The power of option types is in what they do to the rest of the language
I was recently reading Real problems with functional languages (via), where I ran across the standard explanation of why option types matter. As I read it (and not necessarily as it's really written in that article), they matter because they force you to deal explicitly with null values.
Reading this sparked a little light in my head, because this isn't really correct. Modern compilers do not need an explicit type to force you to do this checking; with data flow analysis inside functions, they are perfectly capable of forcing you to check whether or not a variable is null before you make any other use for it (and only allowing that use in a code path where you had proven the variable wasn't null). So why don't they?
The simple answer is that a compiler that required this would be insufferable to use, because every single function where you had a potentially nullable entity would need its own set of checks (unless the compiler had extremely reliable inter-function analysis), all the way up and down the call stack. It wouldn't matter that every path to this function having this entity was already checking for nulls; you'd have to do it again, over and over. In practice, what people using the compiler (and the language) would insist on is some sort of notation for 'this cannot ever be null', which would allow you to not check in any code that only dealt with such variables.
(The compiler would then require that you could only return, assign to, or otherwise set those entities to non-null values, by requiring checks beforehand. But they would be localized checks.)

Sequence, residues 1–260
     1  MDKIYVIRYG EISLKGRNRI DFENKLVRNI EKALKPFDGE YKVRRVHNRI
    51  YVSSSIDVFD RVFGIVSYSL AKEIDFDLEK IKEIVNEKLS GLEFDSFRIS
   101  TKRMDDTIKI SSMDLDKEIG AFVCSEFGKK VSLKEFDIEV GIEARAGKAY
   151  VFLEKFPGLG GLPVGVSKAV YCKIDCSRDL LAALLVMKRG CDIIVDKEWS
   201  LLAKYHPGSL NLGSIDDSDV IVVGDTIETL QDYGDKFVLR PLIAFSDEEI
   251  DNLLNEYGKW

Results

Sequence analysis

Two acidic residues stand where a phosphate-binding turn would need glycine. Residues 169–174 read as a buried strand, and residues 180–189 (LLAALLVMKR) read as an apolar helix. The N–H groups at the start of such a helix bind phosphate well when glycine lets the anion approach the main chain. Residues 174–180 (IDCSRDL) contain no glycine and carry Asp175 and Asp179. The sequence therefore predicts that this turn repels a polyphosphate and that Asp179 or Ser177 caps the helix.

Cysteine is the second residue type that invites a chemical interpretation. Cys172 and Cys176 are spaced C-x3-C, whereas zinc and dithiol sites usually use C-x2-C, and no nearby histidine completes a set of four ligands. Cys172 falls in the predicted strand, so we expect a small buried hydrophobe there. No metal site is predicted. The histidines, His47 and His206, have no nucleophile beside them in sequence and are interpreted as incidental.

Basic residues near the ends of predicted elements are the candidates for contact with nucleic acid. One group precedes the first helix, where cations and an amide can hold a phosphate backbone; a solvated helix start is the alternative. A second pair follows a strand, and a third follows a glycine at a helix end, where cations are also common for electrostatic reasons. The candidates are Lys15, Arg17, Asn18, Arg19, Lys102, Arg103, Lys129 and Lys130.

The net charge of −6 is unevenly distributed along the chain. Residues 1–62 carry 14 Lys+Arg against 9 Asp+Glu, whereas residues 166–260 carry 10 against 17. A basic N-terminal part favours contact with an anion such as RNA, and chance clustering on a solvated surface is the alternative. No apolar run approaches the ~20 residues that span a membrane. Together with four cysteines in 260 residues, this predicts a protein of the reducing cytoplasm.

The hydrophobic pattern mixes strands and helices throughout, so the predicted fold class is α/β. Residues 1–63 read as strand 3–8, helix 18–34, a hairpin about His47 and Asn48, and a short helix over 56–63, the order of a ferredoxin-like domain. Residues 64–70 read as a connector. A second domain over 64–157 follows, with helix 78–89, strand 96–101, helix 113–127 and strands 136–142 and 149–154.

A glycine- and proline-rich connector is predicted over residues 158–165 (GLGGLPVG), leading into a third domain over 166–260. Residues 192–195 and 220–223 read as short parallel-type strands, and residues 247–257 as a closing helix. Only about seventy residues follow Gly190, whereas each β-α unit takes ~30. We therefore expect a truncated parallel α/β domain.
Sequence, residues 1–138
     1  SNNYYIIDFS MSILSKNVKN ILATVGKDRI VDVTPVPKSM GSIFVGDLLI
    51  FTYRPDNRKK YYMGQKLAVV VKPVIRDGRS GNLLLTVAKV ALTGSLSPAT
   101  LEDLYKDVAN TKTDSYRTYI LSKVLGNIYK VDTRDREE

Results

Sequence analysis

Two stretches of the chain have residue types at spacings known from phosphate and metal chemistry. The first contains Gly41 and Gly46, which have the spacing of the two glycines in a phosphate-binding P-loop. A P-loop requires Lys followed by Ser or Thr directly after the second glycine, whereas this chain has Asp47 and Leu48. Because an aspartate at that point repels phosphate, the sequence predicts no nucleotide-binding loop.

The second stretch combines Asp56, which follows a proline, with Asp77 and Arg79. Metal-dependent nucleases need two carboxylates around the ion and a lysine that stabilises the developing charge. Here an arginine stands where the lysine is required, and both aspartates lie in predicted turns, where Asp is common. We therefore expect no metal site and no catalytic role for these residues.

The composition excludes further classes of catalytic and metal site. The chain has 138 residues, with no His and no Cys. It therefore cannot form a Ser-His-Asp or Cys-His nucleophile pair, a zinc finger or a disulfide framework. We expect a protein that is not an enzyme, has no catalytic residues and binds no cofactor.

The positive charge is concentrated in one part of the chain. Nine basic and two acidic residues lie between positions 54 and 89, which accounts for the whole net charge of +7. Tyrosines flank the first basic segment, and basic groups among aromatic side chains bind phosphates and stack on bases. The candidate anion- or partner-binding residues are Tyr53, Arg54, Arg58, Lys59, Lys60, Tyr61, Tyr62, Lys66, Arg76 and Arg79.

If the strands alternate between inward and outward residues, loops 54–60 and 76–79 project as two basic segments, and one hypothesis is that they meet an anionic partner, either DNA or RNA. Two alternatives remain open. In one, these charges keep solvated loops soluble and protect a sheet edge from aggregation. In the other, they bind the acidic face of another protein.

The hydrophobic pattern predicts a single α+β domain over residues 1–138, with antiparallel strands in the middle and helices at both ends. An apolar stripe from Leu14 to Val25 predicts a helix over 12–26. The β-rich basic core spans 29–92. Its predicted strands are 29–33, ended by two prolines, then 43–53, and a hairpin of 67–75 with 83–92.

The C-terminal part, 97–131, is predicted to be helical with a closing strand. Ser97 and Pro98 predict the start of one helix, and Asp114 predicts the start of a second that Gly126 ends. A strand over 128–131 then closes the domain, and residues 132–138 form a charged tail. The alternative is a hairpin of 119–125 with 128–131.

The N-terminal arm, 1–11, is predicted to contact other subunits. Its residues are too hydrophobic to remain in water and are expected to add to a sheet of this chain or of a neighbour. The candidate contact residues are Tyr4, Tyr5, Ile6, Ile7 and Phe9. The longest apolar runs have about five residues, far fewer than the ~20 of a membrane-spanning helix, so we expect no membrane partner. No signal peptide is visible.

This leads me to my new view of the real power of option types, which is that the power of option types is that they let you check for null only once, instead of everywhere in your program. Having option types makes it ergonomic to create types that are defined so that they cannot be null and then have the compiler enforce this, while still giving you an escape hatch for situations where you have to return something other than a legitimate value of the type.
Of course, this is not the only thing option types can do. Even in a language where you can't restrict your types this way, option types provide you a way to make people explicitly consider errors, null returns, or whatever by wrapping up the value they really want inside something that forces them to confront the issue and blows up if they don't. But it doesn't do it as pervasively as 'cannot be null' types, and to the extent that you try to make it pervasive, it becomes more and more annoying, because it is exactly those 'prove it's not null over and over again' checks being enforced by user-created types.